The Supreme Court’s landmark decision in New York Times v. Sullivan was meant to protect our fundamental right to free speech from defamation lawsuits. However, Strategic Lawsuits Against Public Participation, known as SLAPPS, continue to chill free speech through weak but expensive to defend defamation lawsuits. In response to SLAPPs many states have passed anti-SLAPP statutes that are meant to identify SLAPPs, quickly dismiss SLAPPS, and punish plaintiffs who bring SLAPPs. A difficult issue for federal courts throughout the country is whether these state anti-SLAPP statutes should apply in federal courts. This Note examines the Supreme Court opinions in Shady Grove Orthopedic Associates, P.A. v. Allstate Insurance Co., as well as various lower court opinions, and concludes that state anti-SLAPP statutes should not apply in federal court until Congress creates a federal anti-SLAPP statute.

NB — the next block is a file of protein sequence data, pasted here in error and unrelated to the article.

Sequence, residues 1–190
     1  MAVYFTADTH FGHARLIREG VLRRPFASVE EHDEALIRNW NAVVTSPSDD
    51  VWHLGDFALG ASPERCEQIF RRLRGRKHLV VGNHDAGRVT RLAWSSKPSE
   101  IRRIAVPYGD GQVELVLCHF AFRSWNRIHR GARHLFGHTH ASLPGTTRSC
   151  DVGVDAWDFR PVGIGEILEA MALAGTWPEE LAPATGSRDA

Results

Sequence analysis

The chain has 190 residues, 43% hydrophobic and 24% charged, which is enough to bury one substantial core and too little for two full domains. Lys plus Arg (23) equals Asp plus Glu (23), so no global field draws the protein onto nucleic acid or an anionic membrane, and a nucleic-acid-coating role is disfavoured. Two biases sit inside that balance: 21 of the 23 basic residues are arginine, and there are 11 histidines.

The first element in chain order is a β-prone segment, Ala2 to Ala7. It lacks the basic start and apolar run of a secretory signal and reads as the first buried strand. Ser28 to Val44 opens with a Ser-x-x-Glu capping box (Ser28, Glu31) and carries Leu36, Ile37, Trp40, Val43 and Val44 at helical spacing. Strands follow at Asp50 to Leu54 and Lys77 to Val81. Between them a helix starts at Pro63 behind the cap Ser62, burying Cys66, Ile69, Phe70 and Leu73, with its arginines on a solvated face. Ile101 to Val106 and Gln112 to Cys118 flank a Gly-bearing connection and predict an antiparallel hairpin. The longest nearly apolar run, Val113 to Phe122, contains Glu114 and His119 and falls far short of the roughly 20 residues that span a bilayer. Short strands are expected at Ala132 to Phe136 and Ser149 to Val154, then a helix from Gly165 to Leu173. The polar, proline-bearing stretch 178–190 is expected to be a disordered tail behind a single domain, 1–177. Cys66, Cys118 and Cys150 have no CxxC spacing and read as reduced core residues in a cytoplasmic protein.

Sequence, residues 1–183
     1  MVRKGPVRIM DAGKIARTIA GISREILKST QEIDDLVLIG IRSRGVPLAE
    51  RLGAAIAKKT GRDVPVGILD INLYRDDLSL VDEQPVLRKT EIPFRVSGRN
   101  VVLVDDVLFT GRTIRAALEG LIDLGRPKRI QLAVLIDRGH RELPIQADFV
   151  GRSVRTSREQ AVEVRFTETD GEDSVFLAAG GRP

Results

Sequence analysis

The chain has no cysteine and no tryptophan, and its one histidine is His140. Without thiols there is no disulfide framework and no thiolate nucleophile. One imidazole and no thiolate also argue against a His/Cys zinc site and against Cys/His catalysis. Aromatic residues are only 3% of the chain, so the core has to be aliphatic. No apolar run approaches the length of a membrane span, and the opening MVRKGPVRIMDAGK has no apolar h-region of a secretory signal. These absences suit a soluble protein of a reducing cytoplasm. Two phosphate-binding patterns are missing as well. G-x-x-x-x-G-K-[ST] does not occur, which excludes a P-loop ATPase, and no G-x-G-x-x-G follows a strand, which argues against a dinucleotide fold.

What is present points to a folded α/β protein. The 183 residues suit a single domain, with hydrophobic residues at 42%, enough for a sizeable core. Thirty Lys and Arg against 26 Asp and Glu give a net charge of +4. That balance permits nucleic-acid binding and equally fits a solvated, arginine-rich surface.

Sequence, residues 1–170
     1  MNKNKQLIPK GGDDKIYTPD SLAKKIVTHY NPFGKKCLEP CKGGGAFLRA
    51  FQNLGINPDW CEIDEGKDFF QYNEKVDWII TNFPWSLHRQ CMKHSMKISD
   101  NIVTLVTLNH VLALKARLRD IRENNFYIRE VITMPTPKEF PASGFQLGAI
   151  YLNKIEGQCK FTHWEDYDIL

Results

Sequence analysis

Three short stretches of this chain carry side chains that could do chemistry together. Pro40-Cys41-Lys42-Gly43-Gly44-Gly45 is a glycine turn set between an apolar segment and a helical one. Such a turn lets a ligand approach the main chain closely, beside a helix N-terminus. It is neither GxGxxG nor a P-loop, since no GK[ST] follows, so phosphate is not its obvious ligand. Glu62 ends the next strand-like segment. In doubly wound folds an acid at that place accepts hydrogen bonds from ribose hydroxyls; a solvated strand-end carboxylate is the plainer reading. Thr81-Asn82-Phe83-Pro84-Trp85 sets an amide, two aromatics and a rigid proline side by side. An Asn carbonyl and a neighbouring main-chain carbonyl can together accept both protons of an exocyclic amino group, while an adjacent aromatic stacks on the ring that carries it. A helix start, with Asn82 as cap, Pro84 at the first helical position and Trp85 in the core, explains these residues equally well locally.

"SLAPPS Across America,"
Touro Law Review: Vol. 37:
3, Article 18.
Available at: https://digitalcommons.tourolaw.edu/lawreview/vol37/iss3/18